The actual narrative of the episode is essentially Lifeboat in space, a scenario any sci-fi fan will probably have seen elsewhere, crossed with And Then There Were None. In a small cramped space personalities clash and enmities begin to boil over, before people start dying in increasingly suspicious circumstances. BSG leans in hard on the horror angle as the bodies pile up, the lights start to flicker and the blood begins to get smeared on people’s faces, perhaps as much as it has done since “A Measure Of Salvation”. There is a natural tension to be found from such things, and the only negative really is that the scenario probably needs a bit more time than 30 minutes to breathe properly (pun unintended). Once the first Eight dies, it’s hard to envision anyone other than the second Eight being responsible for the deaths, especially when her connection to Gaeta is revealed. Still, I liked the set-up and execution of “The Face Of The Enemy”, which showcased a good use of limited physical space. Yes, it’s a bottle episode, but like the best sci-fi shows BSG demonstrates that this doesn’t have to be a detriment to good story-telling. The purpose is to put Gaeta through the ringer, and this narrative accomplishes that.

This is the most we have seen yet of Lt Hoshi, a bit player who was introduced all the way back in “Pegasus” as I recall. He’s always been just background really, save for his interaction with Kendra Shaw in Razor, but he gets the time to become more of a character in “The Face Of The Enemy”. In some respects he’s just meant to be an avenue for telling us more about Gaeta, but we do learn a bit about Hoshi at the same time: his affection for Gaeta, his loyalty to comrades and his tendency to grasp at straws, at least insofar as the rescue effort goes. In the end, Hoshi doesn’t actually get what he wants in some respects, as Gaeta seems to end their relationship at the conclusion of this series – something confirmed by Jane Espenson – and it’s not clear how someone like Hoshi is going to fit in to whatever Gaeta might be planning. But he’s made an impact, and that’s enough to make him someone worth keeping an eye on as we go forward.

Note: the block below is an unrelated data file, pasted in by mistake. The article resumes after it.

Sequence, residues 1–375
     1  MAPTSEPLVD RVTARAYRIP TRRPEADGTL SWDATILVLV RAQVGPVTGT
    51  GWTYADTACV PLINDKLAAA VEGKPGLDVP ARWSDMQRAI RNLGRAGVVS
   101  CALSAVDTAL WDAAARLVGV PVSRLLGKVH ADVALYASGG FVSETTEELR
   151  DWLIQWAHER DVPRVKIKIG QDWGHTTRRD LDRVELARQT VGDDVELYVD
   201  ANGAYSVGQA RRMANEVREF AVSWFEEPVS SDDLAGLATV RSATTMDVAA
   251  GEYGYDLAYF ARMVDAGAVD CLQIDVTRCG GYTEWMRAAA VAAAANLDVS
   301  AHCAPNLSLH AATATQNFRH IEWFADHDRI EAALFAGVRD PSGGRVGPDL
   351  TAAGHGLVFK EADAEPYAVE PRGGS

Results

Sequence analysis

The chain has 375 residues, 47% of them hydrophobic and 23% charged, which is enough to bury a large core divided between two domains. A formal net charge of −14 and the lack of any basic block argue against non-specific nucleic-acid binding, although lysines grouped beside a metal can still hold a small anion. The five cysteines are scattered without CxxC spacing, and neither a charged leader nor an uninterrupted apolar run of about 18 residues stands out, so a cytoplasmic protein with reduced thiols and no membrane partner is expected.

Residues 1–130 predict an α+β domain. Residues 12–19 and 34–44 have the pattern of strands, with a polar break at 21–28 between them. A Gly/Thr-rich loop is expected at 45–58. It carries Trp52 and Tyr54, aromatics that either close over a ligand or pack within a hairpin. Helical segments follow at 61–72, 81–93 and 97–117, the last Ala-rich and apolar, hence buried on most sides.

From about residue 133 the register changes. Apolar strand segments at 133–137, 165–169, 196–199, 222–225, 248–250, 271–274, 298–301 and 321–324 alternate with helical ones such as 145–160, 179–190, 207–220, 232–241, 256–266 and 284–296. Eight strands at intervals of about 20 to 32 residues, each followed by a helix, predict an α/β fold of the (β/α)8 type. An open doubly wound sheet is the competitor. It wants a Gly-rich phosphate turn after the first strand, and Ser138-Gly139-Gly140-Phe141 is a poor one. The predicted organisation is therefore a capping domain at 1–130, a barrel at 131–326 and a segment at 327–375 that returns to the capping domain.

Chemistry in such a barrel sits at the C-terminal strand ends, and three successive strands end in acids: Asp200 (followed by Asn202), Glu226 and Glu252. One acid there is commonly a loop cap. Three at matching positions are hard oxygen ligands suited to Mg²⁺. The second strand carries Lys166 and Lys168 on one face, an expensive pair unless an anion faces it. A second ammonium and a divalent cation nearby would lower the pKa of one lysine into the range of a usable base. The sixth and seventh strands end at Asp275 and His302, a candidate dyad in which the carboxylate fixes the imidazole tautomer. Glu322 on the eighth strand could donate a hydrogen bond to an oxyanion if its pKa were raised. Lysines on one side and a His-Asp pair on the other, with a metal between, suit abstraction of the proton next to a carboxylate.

The series ends with violence, as Gaeta eliminates the Eight in a decisive fashion, and portends more violence to come, as Gaeta warns Hoshi that he won’t just stand idly by in the face of a human/Cylon alliance he does not feel is worth pursuing. If “The Face Of The Enemy” can be described as elongated set-up, then its closing moments do certainly make you wonder “Where do we go from here?”. The job of outlining a more one-minded, more ruthless and more dangerous Gaeta has certainly been accomplished: now we get to see just what this character, once so ancillary, is going to do that will up end everything, and make the collapse of Season Four a cold, hard reality.

I didn’t want to do what I did. I did it when the probabilities dictated it.


-Quite the wordy opening title: “Nine days after the discovery of a devastated Earth”.

-This was actually one of the very last things filmed during the show’s production, done concurrently with The Plan. That’s why there are no scenes in the CIC: the set had already been dismantled.

BSG rarely used the technique really – “You Can’t Go Home Again” and “Black Market” are the other major examples I think – but “The Face Of The Enemy” elects to go with an in medias reis opening which works in the context of the horror theme.

-In lieu of the usual main titles preview, we instead get a mixture of flashes for Gaeta here, of his past and of his future.

-Gaeta is looking a little dishevelled in the CIC. It’s subtle enough, but we can see it in the blotchy skin, the five-o-clock shadow, the bags under the eyes. He’s not in a good place, a week-ish removed from “Sometimes A Great Notion”.

-In the aftermath of Cloud Nine’s destruction in “Lay Down Your Burdens (Part Two)”, the Zephyr appears to have become the Fleet’s go to relaxation destination. This despite the damage it took in “He That Believeth In Me”.

-Tigh’s advice to Gaeta is blunt and to the point: “Go get drunk, sleep for a week”. This appears to be Tigh’s preferred R&R combination.

-First appearance of “morpha” here since it was used to euthanise Socinus in “Valley Of Darkness”. This episode would indicate that, like real world morphine, it has addictive properties.

BSG doesn’t belabour the moment which establishes Gaeta and Hoshi as a couple, which I appreciated. We’ve had female/female intimacy in the show before, in “Faith”, but that was stylised to a degree. This is much more straightforward.

-There was a long-running question in the fandom about the sexuality of various characters, as tends to be the case. On the question of whether Gaeta was gay or straight, the answer seems to be a solid “Yes”.

-The original plan was for Gaeta’s lover to be the pilot Narcho, last seen in “Six Of One”, but this was changed when the actor proved unavailable. Similarly, the Eight was apparently meant to be a Six.

-A Cylon presence on Galactica is now normal, going by the way the Eights are walking around the flight deck unattended.

-It apparently takes 15 minutes for a Raptor to fly to the Zephyr? That seems like a lot, but I guess outside of combat the smaller ships are limited to a slower speed?

-The engineer briefly prays to a Poseidon medallion, which I think is the first time that deity has been mentioned on the show. His remit over sailing vessels seemingly extends to spaceships.